The effects of the coronavirus—from social distancing and stay-at-home mandates to supply congestion, travel restrictions, economic distress and more—together have presented a unique set of challenges to a unique kind of retailer.
Costco Wholesale—which, in “normal” circumstances, relies on enviable store traffic and the services, gasoline, high-ticket impulse buys, free samples and food court purchases their shoppers make or what one analyst called “the magic” of Costco—saw the pandemic exert compromises in all of those areas during its fiscal third quarter. Though Costco managed to drive increases in sales and comps in the period, largely on food sales, early-quarter stockups and a small but fast-growing e-commerce business, the Issaquah, Wash.-based company saw earnings dinged in the period.
Chris Mandeville, an analyst reviewing the financial results for Jefferies, called Costco a “victim of its own success.”
In a conference call this week, Costco Chief Financial Officer Richard Galanti said some of those compromised departments—including sampling in a new form he declined to detail—would gradually reappear. And while the pandemic kept some shoppers out of clubs—and contributed to a tenfold increase in same-day grocery delivery in the period—Costco’s spacious stores and superior value proposition would serve it well over the long term as the company and its shoppers adjust to what he predicted would be “two or three different new normals” in the coming months and years.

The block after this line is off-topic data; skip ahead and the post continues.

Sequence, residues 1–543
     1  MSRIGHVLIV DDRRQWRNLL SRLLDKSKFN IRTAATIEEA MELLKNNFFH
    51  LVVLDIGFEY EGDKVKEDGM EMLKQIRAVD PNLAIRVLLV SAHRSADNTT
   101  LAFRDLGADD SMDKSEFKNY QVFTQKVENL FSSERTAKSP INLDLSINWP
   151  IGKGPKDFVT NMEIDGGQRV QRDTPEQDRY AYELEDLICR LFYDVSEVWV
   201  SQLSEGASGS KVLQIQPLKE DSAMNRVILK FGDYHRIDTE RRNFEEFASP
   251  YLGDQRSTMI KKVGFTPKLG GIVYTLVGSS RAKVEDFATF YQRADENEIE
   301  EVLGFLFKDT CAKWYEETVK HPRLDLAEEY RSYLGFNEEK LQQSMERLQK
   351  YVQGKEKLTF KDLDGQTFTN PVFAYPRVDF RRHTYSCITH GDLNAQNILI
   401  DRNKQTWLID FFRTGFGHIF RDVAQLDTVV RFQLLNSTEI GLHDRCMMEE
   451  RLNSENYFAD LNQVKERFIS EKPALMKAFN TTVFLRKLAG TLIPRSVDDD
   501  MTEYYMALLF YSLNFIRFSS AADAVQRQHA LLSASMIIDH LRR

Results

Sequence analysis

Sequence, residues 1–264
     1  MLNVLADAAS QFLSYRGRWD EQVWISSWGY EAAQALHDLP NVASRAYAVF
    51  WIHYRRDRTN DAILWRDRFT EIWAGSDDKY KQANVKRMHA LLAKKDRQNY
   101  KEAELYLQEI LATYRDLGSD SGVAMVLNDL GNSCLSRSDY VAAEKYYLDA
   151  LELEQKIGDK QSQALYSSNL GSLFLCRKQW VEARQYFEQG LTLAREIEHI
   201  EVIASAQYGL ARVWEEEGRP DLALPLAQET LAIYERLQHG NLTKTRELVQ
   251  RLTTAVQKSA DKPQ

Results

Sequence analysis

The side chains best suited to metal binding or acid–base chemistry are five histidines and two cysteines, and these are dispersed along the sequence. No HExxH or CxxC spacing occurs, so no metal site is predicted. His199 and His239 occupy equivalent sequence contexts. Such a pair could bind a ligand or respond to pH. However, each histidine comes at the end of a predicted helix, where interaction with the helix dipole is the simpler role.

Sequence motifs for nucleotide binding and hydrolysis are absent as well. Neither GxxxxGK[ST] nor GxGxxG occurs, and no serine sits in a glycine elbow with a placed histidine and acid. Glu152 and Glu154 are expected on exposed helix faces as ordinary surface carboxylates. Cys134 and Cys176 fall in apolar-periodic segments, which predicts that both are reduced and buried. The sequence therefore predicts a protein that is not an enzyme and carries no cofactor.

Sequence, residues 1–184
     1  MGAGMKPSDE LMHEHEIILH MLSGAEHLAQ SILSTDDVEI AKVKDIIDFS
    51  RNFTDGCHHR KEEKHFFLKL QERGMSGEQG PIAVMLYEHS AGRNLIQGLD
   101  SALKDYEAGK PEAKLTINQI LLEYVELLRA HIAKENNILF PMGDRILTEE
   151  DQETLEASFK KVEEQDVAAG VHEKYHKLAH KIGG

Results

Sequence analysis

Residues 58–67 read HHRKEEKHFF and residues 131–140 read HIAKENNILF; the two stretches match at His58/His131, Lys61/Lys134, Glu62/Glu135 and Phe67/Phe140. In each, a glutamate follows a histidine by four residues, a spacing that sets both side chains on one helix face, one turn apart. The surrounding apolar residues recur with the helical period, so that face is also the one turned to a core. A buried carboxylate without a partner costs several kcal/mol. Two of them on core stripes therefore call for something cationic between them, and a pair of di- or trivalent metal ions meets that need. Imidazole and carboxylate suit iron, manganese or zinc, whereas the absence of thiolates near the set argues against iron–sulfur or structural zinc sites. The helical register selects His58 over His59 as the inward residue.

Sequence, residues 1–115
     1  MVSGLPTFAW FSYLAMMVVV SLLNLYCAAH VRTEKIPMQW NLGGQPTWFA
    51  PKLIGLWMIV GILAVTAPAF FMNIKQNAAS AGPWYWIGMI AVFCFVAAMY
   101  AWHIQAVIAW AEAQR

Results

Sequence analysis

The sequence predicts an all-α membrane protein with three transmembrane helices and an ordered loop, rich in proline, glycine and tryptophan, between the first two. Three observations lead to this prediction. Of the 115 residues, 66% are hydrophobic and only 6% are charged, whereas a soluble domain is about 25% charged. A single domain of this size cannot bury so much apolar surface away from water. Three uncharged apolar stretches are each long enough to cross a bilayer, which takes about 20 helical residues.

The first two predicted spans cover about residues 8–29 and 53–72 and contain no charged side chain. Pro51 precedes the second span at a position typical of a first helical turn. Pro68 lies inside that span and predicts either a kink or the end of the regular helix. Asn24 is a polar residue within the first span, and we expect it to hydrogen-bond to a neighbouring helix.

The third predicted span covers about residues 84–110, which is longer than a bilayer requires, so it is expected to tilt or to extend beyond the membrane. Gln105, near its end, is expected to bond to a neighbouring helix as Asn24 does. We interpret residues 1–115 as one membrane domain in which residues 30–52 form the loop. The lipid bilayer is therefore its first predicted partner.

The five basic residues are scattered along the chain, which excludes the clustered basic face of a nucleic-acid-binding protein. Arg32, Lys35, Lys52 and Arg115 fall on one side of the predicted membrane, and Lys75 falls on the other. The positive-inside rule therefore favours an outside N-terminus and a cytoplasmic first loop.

“We’ve been fortunate that we’ve been open,” Galanti said, according to a Sentieo transcript.
“At the end of the day, it’s a value proposition,” he added. “Our average gross margin is in the very low double digits, 11% or 12%, implying … a 13% or so markup. Traditional retail grocers are in the mid- to high 20s, and other big boxes are above that. And regular retail is way above that.”
Costco’s non-fuel same-store sales in the quarter ending May 10 increased by 7.1%—a figure that came in considerably below that of rivals such as BJ’s Wholesale Club (+27% comps for the period ending May 2) and Sam’s Club (up 12% in the quarter ending April 30). Net earnings of $838 million were down by 7.5% on a 7.3% sales increase to $36.5 billion.
Analyst Scott Mushkin of R5 Capital noted that BJ’s outsized gains were aided in part by clubs that, until the pandemic, had more capacity to grow and a higher reliance on grocery items than its club rivals.
“Costco, in our opinion, is one of the best retailers in the world, and we continue to have incredible admiration and respect for the current and former management teams,” Mushkin said in a separate note to clients this week. “With that said, the COVID world is not in our view constructive for a company that thrives on heavy traffic to its crowded stores where members are tempted to impulse purchase unique, well priced, merchandise. This is in many ways the Costco magic.”